For instance, basically have two trains, X and Y plus they travel:
- Train-X : Goes Via Station-A Station-B Station-C Station-D
- Train-Y : Goes Via Station-B Station-X Station-D Station-Y
Wouldso would Time passes about putting these details inside a database to ensure that if your passenger asked about What trains start as Station-B? and What trains Finish as Station-D? then both Train-X and Train-Y should are available in the end result.
I'd say you must have three tables to make this happen.
Station: station ID, title, etc.
Service: service ID, operator, quantity of train cars possibly, etc.
Service_Stop: service ID, stop number, station ID.
After that you can find services that visit Station-B and subsequently at Station-D utilizing a query something similar to the next:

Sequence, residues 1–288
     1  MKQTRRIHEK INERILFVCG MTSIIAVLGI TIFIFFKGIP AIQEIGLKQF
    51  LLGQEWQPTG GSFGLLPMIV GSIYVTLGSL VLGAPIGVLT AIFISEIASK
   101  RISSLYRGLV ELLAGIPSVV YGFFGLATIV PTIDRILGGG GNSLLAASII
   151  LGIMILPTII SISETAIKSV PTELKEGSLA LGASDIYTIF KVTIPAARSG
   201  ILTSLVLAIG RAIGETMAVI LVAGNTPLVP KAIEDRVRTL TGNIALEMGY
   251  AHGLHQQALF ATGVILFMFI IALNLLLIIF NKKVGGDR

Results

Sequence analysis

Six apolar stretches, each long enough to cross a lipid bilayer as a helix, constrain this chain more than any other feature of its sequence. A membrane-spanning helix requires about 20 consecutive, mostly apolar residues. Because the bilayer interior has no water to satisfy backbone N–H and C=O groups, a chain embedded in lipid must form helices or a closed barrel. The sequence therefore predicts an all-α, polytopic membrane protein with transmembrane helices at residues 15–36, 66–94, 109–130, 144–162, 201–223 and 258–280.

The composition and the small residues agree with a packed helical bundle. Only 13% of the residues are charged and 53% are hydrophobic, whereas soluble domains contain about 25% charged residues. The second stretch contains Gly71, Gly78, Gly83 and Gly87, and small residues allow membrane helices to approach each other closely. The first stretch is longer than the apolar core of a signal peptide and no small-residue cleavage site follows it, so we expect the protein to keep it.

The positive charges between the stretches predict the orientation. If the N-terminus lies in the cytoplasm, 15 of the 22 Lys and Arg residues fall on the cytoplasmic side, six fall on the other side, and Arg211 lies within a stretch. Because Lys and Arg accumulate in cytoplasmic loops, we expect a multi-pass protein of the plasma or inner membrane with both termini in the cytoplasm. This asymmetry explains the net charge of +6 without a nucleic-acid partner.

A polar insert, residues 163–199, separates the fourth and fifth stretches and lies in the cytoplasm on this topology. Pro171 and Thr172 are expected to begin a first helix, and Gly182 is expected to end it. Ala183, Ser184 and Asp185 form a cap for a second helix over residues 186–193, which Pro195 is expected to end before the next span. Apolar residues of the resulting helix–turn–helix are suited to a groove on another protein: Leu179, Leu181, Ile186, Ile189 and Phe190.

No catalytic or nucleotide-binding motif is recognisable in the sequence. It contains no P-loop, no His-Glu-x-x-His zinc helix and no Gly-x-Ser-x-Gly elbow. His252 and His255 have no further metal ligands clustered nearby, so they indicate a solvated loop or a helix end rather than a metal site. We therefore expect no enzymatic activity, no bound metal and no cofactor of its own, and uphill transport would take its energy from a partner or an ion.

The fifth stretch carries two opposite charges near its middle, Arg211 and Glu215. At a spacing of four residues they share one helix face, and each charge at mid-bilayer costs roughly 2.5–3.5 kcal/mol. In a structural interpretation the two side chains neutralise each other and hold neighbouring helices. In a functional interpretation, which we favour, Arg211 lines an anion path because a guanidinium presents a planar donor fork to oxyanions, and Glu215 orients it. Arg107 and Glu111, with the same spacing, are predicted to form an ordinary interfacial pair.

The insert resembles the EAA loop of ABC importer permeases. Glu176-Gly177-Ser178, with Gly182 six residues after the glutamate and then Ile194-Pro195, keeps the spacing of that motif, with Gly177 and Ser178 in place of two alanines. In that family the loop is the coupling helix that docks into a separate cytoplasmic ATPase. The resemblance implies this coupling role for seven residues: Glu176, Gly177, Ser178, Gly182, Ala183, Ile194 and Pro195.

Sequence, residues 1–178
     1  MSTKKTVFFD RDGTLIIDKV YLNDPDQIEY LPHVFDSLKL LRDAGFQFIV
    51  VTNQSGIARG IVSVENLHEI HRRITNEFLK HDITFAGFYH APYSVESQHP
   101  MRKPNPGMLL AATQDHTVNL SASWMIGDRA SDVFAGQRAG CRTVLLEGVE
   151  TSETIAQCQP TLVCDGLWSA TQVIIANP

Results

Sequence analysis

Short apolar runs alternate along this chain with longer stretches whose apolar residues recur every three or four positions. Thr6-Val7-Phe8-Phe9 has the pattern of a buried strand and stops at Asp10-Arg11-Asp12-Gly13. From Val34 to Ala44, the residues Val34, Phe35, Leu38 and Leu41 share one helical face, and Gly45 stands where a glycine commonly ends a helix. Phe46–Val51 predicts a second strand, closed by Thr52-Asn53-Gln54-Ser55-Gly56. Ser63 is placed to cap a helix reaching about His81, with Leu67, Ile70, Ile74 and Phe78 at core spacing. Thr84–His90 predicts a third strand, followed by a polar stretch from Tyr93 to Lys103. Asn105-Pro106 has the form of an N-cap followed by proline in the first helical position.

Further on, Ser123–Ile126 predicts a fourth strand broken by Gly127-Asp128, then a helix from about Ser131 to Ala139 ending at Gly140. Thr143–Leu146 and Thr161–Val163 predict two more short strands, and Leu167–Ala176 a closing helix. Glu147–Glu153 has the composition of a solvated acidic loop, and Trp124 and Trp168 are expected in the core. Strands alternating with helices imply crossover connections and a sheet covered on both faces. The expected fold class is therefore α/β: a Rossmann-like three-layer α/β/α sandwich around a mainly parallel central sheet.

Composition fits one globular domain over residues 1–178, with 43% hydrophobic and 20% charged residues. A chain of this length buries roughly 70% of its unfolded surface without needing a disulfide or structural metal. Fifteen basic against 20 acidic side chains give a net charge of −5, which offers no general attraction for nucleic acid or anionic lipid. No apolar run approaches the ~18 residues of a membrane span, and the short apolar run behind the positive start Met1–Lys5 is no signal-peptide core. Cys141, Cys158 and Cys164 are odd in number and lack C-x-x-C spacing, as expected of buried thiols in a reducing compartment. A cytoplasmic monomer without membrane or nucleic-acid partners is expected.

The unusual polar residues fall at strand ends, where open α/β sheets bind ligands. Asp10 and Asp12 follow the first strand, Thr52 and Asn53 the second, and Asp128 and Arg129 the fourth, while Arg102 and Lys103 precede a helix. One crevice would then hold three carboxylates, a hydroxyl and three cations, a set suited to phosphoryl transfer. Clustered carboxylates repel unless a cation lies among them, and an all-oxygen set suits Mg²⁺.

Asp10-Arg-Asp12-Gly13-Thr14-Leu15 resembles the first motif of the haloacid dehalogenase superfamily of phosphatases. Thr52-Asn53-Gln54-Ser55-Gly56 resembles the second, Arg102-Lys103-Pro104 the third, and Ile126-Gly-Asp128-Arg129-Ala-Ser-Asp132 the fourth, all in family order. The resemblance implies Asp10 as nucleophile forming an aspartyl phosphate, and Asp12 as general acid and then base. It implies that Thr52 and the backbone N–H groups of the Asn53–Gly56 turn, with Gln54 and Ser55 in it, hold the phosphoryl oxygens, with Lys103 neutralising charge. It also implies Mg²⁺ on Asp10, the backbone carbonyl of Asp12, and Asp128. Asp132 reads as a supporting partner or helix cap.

SELECT Service_ID FROM Station AS Start_Station JOIN Service_Stop AS Start_Stop ON Start_Station.Station_ID = Start_Stop.Station_ID JOIN Service_Stop AS End_Stop ON Start_Stop.Service_ID = End_Stop.Service_ID AND Start_Stop.Stop_Number < End_Stop.Stop_Number JOIN Station AS End_Station ON End_Stop.Station_ID = End_Station.Station_ID AND End_Station.Name = "Station-D" WHERE Start_Station.Name = 'Station-B'
I'd use five tables:.
Train: train_id, name # e.g "The UnionT522" Station: station_id, name # e.g. "Eggles Place" Route: route_id, route_name # e.g. "Afternoon special at 4pm" RouteStation: route_station_id, route_id, station_id, route_order, begin_flag, end_flag TrainRoute: train_route_id, train_id, route_id # e.g. which train (above) is going on which route (above).
RouteStation might have whether things started or ended in a given station for any given route.
TrainRoute might have details about which route a train takes.